Most brotherhoods and sororities have adopted Greek letters to represent their organizations, and are therefore often referred to as Greek letter societies or Greek organizations. In the United States, the word “fraternity” is often used to refer to a male student society at a university or college that is cooperative, especially one that is a fraternity house where its members live in a sort of glorified dormitory. Fraternity and sisterhood are sometimes referred to by the all-embracing term “Greek alphabetical organizations,” which is often described by the adjective “Greek”.
Families and sororities are American student organizations that in the early 21st century will remain a positive social option for college and university students. General Men’s Universities are exclusive, self-sustaining groups that offer their members at colleges and universities an organized social life and contribute to their educational experience. The so-called clearest example of a student subculture at an American college is the Greek alphabet society, known as the oldest form of student self-government in the American higher education system, which included fraternities and sororities on college campuses as early as 1825.
Definition of Greek letter societies Dictionary of Student Associations and Sororities at U.S. universities and colleges that use the Greek letters in their title. Professional recognition and honorary societies that use Greek names and are organized to include general fraternity members. Unique to most campus organizations are the members of Greek social letter organizations who live in large houses belonging to the Brotherhood itself or its alumni association and are different from parts of the student residences.
John Heath gives us the origins of Greek-letter organizations as models for modern social fraternities, going back to Schenectady, New York University, where the Kappa Alpha Society was founded in 1825. The first Greek alphabet brotherhood for women, Kappa Alpha Theta, was founded in 1870 at DePauw University, along with the first Greek alphabet organizations called sororities, Gamma Phi and Beta.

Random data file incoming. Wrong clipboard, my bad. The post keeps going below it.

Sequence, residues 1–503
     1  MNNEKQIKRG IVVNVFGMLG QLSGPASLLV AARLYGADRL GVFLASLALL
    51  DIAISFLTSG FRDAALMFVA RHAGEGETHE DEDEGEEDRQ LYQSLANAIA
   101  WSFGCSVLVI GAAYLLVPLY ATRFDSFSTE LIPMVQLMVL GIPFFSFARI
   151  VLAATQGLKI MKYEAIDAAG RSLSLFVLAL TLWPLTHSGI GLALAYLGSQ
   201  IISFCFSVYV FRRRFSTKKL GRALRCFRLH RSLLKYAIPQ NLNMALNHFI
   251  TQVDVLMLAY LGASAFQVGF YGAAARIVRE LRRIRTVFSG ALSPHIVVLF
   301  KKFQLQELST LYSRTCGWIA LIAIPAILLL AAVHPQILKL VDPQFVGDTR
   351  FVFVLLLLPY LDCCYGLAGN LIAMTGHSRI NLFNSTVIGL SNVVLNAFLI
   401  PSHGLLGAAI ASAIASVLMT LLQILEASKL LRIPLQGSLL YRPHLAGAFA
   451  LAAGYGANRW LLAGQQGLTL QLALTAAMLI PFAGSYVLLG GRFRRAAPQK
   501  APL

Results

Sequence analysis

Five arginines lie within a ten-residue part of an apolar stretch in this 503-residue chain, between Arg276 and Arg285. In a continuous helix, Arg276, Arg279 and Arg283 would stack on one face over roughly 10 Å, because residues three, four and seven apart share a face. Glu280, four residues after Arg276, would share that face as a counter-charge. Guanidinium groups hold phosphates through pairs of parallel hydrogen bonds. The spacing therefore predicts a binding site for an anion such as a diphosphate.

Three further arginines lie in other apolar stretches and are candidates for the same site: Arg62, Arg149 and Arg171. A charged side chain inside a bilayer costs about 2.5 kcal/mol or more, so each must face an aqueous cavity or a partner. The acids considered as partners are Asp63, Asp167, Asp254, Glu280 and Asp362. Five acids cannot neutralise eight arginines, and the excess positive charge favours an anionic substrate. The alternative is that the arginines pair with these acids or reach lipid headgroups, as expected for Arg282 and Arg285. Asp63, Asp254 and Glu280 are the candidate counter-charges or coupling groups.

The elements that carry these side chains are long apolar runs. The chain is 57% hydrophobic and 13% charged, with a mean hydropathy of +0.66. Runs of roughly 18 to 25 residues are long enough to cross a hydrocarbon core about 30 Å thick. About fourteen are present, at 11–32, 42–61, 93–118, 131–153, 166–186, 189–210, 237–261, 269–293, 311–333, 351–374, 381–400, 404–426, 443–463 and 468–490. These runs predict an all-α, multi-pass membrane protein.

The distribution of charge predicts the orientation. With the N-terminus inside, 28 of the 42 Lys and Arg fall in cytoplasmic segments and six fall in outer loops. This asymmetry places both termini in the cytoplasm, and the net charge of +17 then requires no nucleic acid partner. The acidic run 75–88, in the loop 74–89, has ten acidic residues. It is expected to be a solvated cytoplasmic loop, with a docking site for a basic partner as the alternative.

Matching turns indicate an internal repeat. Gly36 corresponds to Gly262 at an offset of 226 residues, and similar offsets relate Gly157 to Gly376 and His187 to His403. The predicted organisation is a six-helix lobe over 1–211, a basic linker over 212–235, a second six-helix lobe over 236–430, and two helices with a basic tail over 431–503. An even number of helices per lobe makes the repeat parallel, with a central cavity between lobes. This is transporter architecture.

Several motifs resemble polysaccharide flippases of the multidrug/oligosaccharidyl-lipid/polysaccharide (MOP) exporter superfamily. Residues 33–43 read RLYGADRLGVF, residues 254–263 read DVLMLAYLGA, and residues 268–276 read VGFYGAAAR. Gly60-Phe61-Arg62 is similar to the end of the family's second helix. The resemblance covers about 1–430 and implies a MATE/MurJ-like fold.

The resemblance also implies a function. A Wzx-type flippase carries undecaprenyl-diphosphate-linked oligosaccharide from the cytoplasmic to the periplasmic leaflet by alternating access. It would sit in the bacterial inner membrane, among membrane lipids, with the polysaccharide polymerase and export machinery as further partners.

Phi Beta Kappa Society, an elite honorary academic society, was founded on 5 December 1776 at the College of William and Mary, in a long tradition of organizing under the name of College in Latin letters. Two years later the state-approved BGLOs Greek Letter Society, founded by college students at Cornell University. As two more fraternities spread to other universities, new groups at other colleges were formed and national chapters were established, and Greek life began as we know it today.
The whole reason why modern brotherhoods and sororities use Greek letters in their names is that 200 years ago there was an honorary society that was so arrogant that they forgot where they started and initially named themselves after the Greek letters. Greek letter organizations that were formed in the late 18th and early 19th centuries in the United States bear a number of similarities to the modern fraternity, and although they were regarded as elite honor societies, they were not quite as prominent in universities today as fraternity and sisterhood.
The popularity of Phi Beta Kappa led to the formation of other fraternities and the precedent that she set led them to adopt Greek mottos to name their organizations. The Greek letters, now named after the Ivy League school social organizations (Fraternities), not only represent the motto of the Greek letter that was named for the new society (in this case Phi Betaappa) but in some cases, the word is actually derived from the letter itself.
Studies have shown that graduation rates are 20 percent higher for members of Greek-letter organizations than for students who are not members and that members of student societies and sororities have a higher grade average. The term “sisterhood” means “society of female students,” and although universities and colleges are increasingly staffed with female students, the term is mainly used in North America, and in some cases, there are no fraternity institutions in other countries in the English-speaking world. In the mid-20th century, a small number of fraternities decided to become coeducational and accept female members such as Alpha Theta, Lambda Lambda, and Alpha Phi Omega. These organizations represent a minority of Greek-letter organizations like the Fraternity and are members of the North American Interfraternity Conference, the largest international fraternity association.
While students seek membership in fraternities and sororities through “haste,” Greek organizations are recruiting new members. Potential new members visit houses, are invited to various events, and are selected as new members of their organizations.